Received a Masters of Fine Arts degree at Yale University; Studied in Vienna, Austria
He was born in Monroe, Washington in 1940, and went through with a university education. Following his art training, he taught art for three years at the University of Massachusetts in Amherst, before going on to pursue a more concentrated art career in New York City in the year 1967. He was in good health until his spinal artery suddenly collapsed in 1988, leaving him paralyzed. He was able to obtain limited mobility in some joints of his upper body and continued to paint by strapping a paintbrush to his wrist and moving the brush in circular motions. Presently, he uses a hydraulic lift to move his around the canvas to complete his paintings.
In the time of Abstract Expressionism, Chuck Close went against the mainstream style and redefine portraiture like no other artist. Chuck Close is a photorealist who took realism to a whole other level. Close paints strictly from photos, transferring the photo on to canvases that are typically three meters high. He uses grids to transfer images from photographs to the canvas, enhancing details along the way to create a shockingly lifelike image. His earlier work captured the photographic feel. He even went as far as to blur out things farther away from the face the way the lens blurs out the background in a photo.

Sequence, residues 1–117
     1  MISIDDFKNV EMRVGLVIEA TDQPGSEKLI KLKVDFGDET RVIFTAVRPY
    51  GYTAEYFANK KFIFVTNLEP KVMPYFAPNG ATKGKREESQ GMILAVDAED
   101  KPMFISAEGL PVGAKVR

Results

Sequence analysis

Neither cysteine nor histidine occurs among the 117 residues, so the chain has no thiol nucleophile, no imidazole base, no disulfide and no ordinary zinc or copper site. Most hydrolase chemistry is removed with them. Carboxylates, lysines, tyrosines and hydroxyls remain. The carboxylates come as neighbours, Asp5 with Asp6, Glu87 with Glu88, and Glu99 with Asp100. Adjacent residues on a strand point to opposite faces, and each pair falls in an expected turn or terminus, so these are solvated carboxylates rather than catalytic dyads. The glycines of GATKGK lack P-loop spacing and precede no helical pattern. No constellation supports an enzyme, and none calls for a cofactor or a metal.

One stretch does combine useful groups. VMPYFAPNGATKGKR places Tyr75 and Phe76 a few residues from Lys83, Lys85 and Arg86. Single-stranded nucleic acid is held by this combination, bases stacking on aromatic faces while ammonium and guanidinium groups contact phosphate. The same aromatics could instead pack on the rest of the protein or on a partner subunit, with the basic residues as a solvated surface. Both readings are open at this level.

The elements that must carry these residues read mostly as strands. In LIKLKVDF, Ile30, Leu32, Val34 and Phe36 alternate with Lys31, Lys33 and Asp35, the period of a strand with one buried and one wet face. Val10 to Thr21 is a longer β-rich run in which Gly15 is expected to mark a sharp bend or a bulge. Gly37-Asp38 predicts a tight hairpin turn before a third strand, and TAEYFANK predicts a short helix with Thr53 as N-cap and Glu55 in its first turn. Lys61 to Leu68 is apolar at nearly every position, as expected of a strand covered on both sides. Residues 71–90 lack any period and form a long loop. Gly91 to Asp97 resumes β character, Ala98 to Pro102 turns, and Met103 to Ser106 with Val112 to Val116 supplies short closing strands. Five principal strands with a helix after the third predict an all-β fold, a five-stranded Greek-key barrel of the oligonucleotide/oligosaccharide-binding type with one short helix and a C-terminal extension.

A large part of this earlier realism is the emphasis. Unlike traditional artists who focus on the eyes, Chuck Close pays a lot of attention to the skins and wrinkles as well as details in the hair. By capturing every wrinkle and every pore, he brings out the undeniable realism in the painting. The series of images done in this technique started off as black and white images and eventually evolved into color during the 1970's.
In the 1980's, he started towards abstraction. His best known technique is the fingerprint paintings in which he used an inkpad and his own fingerprints to fill in the grid of his canvas. The canvases got bigger, but the realism was still there, in fact, if a person were to stand at a distance where he/she could see the entire image, it would be very difficult for that person to tell that the piece was created with fingerprints. Once the person gets close enough to see the fingerprints, it is very unlikely that he/she can get a good view of the piece as a whole.
His most current stage of abstraction is one developed after he became partially paralyzed. He fills each of his grids with an oval composed of a few rings of bright colors. The style is still realistic, but not to the degree of Superrealism. Average paintings done with this technique is typically smaller than his earlier work.